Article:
When I was in high school, I worked two jobs on Saturdays to make some money. I worked from 7AM until 2PM at a local gas station and 3PM until 7PM at the local Baskin-Robbins ice cream shop. Not only did it benefit me financially, but it also gave me two very distinct windows into my culture and context. Working for people and with people has a way of doing that.
The job at Baskin-Robbins wasn’t quite as formative for me as the job at the gas station. My co-workers at the ice cream shop were much more like me while I felt like a foreigner while working at the gas station, which was a really good thing. As good of a thing as it was, I had some big lessons to learn while I was there.
You see, I was getting a good education and was most likely headed to college to pursue a professional career. My white privilege mindset had been formed in me by my surrounding culture and I thought that I was so important and special and that I knew an awful lot. Turns out, I didn’t know nearly as much as I thought I did.
I remember one day when it became abundantly clear to me that I didn’t know as much as I thought that I did. I watched one of my coworkers make his way around a car engine in a way that was completely foreign to me. He might not have been able to pull up all of the useless knowledge that I had stocked within my brain, but when it came to the practical and useful information of a car engine, he danced circles around me.
In that moment, I came to the realization that just because someone didn’t know what I knew didn’t mean that they didn’t know anything. While it may seem like a simple lesson, it was an important one for me to learn as a fifteen year old growing up in an incredibly affluent town surrounded by privilege and plenty. It’s stuck with me since that day, nearly thirty years ago.
The lesson that I learned that day was not something that I simply walked away from and put behind me, it was a lesson that I am brought back to over and over again in my life. If I don’t intentionally find ways to put myself into someone else’s shoes and get a different perspective and appreciation of something, I find that life has a way of forcing me into that place where I can see things more clearly.
Last week, my wife was pretty sick for days in a row. While she’s been sick before, I don’t think she’s ever been hit this hard by something (besides pregnancy) since we’ve had all three kids.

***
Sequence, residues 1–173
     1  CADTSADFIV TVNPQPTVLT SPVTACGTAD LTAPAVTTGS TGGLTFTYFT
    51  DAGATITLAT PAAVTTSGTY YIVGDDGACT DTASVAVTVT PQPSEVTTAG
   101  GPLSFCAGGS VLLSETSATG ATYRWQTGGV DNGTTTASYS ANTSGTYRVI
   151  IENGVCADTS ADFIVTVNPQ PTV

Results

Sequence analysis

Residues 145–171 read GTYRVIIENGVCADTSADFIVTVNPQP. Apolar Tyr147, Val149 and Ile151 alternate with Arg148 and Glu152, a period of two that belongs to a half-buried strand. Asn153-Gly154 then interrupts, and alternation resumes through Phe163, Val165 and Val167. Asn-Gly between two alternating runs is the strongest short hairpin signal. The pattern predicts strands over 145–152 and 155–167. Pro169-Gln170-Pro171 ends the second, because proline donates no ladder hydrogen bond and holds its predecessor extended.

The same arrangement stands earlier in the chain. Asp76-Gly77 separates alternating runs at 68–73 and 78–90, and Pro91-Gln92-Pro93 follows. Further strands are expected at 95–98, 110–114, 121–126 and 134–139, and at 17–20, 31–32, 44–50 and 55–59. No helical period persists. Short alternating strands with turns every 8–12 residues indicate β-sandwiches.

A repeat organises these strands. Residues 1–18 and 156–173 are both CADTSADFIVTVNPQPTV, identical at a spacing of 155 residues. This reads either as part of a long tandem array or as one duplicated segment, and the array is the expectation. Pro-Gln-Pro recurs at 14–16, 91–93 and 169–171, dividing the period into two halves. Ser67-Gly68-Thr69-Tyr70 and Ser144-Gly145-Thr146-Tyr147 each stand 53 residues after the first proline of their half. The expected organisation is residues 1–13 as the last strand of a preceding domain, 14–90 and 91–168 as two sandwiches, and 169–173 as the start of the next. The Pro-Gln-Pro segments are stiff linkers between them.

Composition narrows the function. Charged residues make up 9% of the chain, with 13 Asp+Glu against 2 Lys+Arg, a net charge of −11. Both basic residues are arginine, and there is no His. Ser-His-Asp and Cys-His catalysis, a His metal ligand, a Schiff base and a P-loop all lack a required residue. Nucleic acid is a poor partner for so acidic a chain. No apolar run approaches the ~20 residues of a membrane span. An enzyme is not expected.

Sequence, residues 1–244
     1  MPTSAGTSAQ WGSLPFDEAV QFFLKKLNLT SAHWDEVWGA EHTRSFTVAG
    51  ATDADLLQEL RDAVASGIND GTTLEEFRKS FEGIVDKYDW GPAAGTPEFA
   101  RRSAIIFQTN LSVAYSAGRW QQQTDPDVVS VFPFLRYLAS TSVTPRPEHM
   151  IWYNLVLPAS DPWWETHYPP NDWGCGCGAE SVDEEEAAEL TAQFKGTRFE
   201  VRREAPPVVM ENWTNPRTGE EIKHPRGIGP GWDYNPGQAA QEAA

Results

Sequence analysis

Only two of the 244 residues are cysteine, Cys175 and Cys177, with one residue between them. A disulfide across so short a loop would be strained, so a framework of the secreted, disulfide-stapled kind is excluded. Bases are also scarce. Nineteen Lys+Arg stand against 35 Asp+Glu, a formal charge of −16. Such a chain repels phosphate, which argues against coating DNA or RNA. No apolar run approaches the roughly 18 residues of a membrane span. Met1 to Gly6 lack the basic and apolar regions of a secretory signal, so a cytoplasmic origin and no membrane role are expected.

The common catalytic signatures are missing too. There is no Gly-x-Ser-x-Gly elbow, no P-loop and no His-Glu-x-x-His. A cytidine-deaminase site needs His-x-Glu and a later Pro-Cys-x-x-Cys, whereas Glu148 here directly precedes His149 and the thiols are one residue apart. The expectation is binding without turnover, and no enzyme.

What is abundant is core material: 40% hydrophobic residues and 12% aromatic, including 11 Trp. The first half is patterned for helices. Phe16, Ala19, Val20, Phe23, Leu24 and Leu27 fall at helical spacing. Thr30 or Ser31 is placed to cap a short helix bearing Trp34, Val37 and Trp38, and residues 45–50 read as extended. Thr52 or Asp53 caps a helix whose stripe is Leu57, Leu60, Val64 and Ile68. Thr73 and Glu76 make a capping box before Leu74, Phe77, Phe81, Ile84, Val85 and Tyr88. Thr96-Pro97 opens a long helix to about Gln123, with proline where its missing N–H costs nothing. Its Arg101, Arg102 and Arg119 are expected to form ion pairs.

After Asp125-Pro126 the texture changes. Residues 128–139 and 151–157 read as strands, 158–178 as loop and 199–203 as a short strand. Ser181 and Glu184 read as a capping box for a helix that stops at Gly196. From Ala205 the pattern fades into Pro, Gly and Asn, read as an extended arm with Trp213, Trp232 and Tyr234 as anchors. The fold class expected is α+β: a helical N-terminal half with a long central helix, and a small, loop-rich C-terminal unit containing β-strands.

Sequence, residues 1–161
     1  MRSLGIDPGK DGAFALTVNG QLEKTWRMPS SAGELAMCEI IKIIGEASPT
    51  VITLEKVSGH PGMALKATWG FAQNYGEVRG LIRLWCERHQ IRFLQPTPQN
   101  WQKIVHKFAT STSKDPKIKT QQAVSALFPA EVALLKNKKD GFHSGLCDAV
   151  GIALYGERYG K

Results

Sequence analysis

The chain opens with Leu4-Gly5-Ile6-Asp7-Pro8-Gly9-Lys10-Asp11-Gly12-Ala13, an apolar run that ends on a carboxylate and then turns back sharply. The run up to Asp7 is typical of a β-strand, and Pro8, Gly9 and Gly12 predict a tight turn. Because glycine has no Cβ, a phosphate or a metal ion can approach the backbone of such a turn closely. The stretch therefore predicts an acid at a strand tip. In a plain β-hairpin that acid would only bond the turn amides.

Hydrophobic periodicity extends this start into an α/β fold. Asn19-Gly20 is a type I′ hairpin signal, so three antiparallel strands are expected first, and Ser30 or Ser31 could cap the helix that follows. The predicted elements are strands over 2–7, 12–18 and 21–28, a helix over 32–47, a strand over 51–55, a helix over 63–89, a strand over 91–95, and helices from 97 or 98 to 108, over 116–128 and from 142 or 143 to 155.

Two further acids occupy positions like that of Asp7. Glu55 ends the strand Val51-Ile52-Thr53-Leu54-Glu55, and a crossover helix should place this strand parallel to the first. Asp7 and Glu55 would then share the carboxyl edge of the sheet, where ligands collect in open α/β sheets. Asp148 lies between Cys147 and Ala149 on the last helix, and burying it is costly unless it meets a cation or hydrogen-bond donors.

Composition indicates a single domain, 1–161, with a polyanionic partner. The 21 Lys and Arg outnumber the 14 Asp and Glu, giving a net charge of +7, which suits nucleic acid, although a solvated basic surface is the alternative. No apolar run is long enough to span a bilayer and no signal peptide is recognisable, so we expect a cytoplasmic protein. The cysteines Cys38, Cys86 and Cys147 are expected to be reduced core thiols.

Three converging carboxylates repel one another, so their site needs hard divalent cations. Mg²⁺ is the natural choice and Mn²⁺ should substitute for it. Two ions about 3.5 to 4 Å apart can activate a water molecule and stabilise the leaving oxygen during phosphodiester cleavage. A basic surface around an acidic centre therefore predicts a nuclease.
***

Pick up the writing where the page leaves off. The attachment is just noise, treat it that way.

I realized early on that she wasn’t going to be able to do everything that she would normally do. The cooking. The laundry. The cleaning. The keeping track of everyone all at once. I knew that I would need to step up my game. So, that’s what I tried to do.
Now, let me say, I do my best to tell my wife how much I appreciate her. I’ve never been a fan of Mother’s Day for lots of reasons, not the least of which is that mothers need to be appreciated every day, not just on a Hallmark holiday in May. Just because I do my best doesn’t mean that there isn’t lots of room for improvement. As I surveyed the landscape of the house, the list of groceries waiting to be bought, the calendar items waiting to be attended, and the general condition of the house and our family, I realized just how much I had taken my wife for granted. I realized how I just always expected that she would be there, walking behind everyone, waiting to pick up the pieces that were dropped along the way, quietly serving and putting them back into their respective places.
While I had struggled with reentry after some much needed, restful time away, reentry is a luxury that my wife is rarely afforded because in order to experience reentry, you actually need to leave for a time. Moms are always on, whether they are working outside of the home or if they are stay at home moms, their jobs are rarely done and their “me” time is few and far between.
I’ve gained a new appreciation for a role that is not my usual role. My prayer in it all is that I show that appreciation every day. I know that my own capacity to accomplish the things that my wife accomplishes (and accomplishes well) on a daily basis is limited. I can play “Mr. Mom” for so long before I finally crash, my wife has a knack for making it look easy. No, she’s not perfect, but she’s perfect for me.
Now, you’ll have to excuse me, I think there’s something I need to be tending to around this house.